Nature is full of circles and among the most dramatic are the immense cyclonic storms spawned in the Atlantic (hurricanes), Pacific (typhoons) and Indian Ocean (cyclones). Not only are the storms circular, in the center is a most unusual natural phenomenon – the eye. Some storms have ill defined eyes and the eye of a given storm can organize and collapse and then reappear as the storm varies in intensity. When well defined as a circle, the eye of storm is relatively calm and clear and has the lowest sea level barometric pressures ever recorded. (Typhoon Tip in 1979 set the record for lowest barometric pressure in at sea level at 25.69 inches of mercury compared to average sea level pressure of 29.92. It was also the largest storm with a diameter of 1,380 miles of hurricane force winds at one point.)
In 1999, Hurricane Floyd became one of the largest storms ever to threaten the USA. The headquarters of the National Geographic Society in Washington DC has a really neat huge three dimensional relief map of Floyd made from satellite digital photo data where you can see the eye clearly defined. On September 14, 1999, Floyd struck the Bahamas at Category 4 (5 being highest) force with sustained winds of 155 mph. It later weakened and headed up the East Coast of the US where its heavy rains reached New York City, closing the schools on September 16, 1999.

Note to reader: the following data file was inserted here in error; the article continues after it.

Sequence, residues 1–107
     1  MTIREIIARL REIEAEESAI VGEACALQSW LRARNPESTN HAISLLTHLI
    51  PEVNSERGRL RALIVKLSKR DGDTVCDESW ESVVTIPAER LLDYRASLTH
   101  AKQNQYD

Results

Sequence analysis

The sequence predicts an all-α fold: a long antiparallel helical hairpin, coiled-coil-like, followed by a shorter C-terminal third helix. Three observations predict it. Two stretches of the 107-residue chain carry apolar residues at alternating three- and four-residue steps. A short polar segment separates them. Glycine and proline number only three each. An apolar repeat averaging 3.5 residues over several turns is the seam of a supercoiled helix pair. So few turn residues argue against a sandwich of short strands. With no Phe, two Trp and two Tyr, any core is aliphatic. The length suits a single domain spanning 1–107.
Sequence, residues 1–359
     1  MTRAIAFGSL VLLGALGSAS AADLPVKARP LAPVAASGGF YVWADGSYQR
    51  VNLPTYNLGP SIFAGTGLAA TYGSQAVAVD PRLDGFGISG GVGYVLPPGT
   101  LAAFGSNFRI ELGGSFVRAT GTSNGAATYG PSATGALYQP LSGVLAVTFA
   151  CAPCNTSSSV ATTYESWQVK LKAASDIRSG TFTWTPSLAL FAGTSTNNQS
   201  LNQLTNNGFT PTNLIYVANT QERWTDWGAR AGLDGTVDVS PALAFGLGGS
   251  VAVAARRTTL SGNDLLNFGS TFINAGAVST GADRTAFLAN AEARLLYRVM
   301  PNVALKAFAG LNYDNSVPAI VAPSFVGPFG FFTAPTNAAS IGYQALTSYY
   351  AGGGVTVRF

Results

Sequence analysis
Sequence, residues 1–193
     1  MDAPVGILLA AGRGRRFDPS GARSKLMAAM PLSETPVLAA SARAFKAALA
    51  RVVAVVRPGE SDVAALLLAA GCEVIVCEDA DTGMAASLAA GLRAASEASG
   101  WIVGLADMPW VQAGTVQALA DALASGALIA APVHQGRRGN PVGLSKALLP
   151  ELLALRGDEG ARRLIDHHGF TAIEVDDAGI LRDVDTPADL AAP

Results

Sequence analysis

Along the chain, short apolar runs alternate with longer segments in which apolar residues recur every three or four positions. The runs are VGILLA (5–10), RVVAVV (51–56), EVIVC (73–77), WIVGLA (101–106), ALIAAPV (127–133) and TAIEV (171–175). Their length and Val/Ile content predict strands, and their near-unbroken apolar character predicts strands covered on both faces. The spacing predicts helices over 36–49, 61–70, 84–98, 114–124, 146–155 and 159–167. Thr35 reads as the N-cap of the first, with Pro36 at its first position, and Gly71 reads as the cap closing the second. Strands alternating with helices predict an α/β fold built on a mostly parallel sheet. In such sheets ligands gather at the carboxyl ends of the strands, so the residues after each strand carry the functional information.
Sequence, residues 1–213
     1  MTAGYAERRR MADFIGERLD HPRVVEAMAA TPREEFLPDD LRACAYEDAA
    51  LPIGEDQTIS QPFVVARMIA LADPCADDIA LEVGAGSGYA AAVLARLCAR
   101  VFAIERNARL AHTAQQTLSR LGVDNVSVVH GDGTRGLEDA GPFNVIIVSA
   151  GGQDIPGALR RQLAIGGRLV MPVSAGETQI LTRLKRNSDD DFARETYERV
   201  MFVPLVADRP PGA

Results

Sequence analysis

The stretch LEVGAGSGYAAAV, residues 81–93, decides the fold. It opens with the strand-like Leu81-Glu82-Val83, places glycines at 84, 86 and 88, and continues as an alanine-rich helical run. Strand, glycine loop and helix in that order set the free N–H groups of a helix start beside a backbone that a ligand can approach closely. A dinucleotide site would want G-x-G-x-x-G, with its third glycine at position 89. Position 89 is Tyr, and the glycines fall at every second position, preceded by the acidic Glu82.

The bad news is that you are on the Bahamas and Floyd is raging by. The good news is that you are safe in the upper story of a hotel built to withstand Floyd’s winds. After the fiercest winds imaginable, all of sudden it gets calm. You are in the eye. You hear on your battery powered radio that the eye is 50 miles in circumference and that the storm is drifting along at 13mph. Approximately how soon with the eye pass you and the fierce winds resume?
Bonus question: What was the circumference of Typhoon Tip when it was recorded as the largest storm on record?
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